As you have most certainly heard elsewhere, SQL Server 2012 finally offers a version of Extended Events that is a viable alternative to SQL Trace, in terms of both better performance and event parity. There are other enhancements such as a usable UI in Management Studio – previously your only hope for this was Jonathan Kehayias' Extended Events Manager. There is also a great change related to permissions: in SQL Server 2012 you only need
ALTER ANY EVENT SESSION to create and manage Extended Event sessions (previously you needed
I came across a more subtle behavior change recently that made it look like my event session was dropping events. The change itself is not a secret, and in fact even after reading or hearing about this change multiple times (Jonathan reminded me that he told me about this change too), I still missed it in my initial troubleshooting since, at the time, it wasn't a change that I thought would affect me. Lo and behold…
In SQL Server 2012, your event session will only capture 1,000 events by default if it uses the
ring_buffer target (and 10,000 for
pair_matching). This is a change from 2008 / 2008 R2, where it was limited only by memory. (The change is mentioned almost in a footnote here, back in July 2011.) To override the default, you can use the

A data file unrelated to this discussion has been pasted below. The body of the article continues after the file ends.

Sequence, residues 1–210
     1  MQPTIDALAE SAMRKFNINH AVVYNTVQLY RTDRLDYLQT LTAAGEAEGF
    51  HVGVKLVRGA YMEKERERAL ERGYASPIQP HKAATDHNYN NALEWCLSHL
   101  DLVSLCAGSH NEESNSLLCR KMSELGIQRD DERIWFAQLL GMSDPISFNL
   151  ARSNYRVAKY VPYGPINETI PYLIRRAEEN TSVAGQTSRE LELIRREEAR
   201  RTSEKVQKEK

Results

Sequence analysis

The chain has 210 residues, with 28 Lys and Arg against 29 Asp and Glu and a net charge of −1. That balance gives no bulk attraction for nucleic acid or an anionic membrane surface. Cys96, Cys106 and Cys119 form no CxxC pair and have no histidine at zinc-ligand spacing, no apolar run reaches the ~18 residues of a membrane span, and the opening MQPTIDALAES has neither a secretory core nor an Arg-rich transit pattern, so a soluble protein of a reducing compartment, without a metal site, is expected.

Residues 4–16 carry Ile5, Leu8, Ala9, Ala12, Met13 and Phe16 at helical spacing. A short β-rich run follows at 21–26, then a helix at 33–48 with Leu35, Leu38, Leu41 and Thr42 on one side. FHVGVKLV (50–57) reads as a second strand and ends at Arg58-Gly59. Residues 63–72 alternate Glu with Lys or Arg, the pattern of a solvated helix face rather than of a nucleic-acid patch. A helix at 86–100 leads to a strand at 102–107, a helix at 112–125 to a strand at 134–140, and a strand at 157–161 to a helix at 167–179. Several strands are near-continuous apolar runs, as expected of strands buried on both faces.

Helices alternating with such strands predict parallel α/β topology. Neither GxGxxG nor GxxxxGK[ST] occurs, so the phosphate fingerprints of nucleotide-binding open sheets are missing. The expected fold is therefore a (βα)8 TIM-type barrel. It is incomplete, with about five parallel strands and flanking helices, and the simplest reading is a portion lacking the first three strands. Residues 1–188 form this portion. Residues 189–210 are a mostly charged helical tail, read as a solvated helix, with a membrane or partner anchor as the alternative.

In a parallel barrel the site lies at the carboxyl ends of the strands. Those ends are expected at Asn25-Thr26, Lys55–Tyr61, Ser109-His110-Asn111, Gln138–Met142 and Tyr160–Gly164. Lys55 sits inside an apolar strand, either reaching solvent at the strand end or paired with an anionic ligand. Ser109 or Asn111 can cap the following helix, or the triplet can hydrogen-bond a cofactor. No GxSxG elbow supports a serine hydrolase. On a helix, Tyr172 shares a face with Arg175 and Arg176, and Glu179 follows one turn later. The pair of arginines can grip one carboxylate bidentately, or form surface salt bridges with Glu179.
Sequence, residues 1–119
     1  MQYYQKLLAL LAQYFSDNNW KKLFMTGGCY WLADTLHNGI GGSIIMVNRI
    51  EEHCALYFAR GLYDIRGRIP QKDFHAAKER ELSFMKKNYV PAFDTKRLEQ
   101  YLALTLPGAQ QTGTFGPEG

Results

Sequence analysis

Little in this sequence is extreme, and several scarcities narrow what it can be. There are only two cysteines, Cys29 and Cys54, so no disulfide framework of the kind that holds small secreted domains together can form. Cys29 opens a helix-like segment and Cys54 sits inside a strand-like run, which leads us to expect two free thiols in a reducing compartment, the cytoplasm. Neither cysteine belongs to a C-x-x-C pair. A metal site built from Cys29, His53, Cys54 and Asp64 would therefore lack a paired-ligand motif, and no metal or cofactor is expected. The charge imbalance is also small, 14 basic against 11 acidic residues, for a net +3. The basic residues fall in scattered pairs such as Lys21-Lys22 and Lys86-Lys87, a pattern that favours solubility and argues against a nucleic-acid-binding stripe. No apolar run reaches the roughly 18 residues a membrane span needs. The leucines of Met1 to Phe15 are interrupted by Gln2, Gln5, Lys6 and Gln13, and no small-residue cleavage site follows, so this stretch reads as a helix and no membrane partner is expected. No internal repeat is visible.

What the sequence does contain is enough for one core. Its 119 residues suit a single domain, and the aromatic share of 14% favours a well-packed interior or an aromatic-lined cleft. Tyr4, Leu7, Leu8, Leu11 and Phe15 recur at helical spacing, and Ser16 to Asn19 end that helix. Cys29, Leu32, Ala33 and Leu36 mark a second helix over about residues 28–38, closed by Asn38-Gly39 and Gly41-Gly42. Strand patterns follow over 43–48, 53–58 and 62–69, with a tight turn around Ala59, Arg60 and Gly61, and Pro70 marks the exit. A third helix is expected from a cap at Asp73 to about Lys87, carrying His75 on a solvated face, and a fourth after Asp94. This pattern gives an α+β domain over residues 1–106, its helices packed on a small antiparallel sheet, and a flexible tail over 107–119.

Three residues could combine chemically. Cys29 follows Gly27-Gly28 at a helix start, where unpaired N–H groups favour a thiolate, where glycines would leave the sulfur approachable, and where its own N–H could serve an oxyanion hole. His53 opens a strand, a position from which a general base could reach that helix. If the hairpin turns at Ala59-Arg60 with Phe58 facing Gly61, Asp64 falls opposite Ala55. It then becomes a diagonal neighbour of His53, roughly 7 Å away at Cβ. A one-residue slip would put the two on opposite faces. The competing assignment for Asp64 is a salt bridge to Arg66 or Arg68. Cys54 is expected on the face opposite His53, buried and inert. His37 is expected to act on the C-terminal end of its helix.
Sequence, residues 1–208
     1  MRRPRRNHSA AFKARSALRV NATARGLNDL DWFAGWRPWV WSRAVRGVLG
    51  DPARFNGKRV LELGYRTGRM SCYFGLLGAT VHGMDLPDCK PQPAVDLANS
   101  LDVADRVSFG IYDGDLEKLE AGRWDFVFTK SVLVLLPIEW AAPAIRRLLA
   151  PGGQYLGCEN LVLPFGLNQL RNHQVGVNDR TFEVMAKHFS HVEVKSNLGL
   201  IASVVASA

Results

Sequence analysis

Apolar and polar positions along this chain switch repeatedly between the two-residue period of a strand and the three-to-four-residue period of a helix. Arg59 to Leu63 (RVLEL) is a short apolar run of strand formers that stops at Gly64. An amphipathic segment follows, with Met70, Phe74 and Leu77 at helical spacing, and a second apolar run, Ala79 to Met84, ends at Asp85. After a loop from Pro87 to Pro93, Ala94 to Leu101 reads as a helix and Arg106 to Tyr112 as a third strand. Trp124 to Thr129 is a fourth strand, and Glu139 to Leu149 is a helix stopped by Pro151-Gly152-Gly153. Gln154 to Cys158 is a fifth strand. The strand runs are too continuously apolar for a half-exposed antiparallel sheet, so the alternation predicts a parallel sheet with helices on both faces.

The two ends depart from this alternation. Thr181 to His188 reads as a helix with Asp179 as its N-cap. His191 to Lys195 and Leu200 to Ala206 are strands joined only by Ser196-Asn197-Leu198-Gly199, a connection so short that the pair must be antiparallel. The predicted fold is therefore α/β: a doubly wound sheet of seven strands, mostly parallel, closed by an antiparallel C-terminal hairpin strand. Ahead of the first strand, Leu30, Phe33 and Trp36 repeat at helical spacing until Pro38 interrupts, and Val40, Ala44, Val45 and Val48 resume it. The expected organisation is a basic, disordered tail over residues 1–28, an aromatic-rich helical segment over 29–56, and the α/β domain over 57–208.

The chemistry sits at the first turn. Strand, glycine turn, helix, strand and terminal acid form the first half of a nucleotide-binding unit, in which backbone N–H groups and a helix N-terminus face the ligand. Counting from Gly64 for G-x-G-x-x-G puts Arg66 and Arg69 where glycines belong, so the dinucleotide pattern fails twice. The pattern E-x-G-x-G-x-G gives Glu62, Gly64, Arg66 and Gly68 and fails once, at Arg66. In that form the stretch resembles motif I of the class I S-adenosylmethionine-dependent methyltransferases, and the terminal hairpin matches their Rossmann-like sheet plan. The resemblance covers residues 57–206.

MAX_EVENTS_LIMIT setting – but note that this setting will not be recognized by SQL Server 2008 / 2008 R2, so if you have code that needs to work against multiple versions, you'll need to use a conditional.
The scenario I was working through was more complex than this, but to demonstrate this issue, let's assume a very simple use case for Extended Events: tracking who is modifying objects. There is a handy facility for this:
object_altered. We can see the description for this event from the following query:
SELECT description FROM sys.dm_xe_objects WHERE name = 'object_altered';
So, if an object is modified, say, 20 times, I would expect to pull 40 events. And this is exactly what happens in SQL Server 2008, 2008 R2 and 2012. The challenge comes when more than 500 modifications happen (leading to more than 1,000 events). In SQL Server 2008 and 2008 R2, we still capture all events. But SQL Server 2012 will drop some due to a change in the
ring_buffer target. To demonstrate, let's build a quick, sample event session that trades performance for prevention of losing events (note that this is not the set of options I would prescribe for any production system):
USE master; GO CREATE EVENT SESSION [XE_Alter] ON SERVER ADD EVENT sqlserver.object_altered ( ACTION (sqlserver.server_principal_name) WHERE (sqlserver.session_id = 78) -- change 78 to your current spid ) ADD TARGET package0.ring_buffer (SET MAX_MEMORY = 4096) WITH (EVENT_RETENTION_MODE = NO_EVENT_LOSS, MAX_DISPATCH_LATENCY = 5 SECONDS); ALTER EVENT SESSION [XE_Alter] ON SERVER STATE = START; GO
With the session started, in the same window, run the following script, which creates two procedures, and alters them in a loop.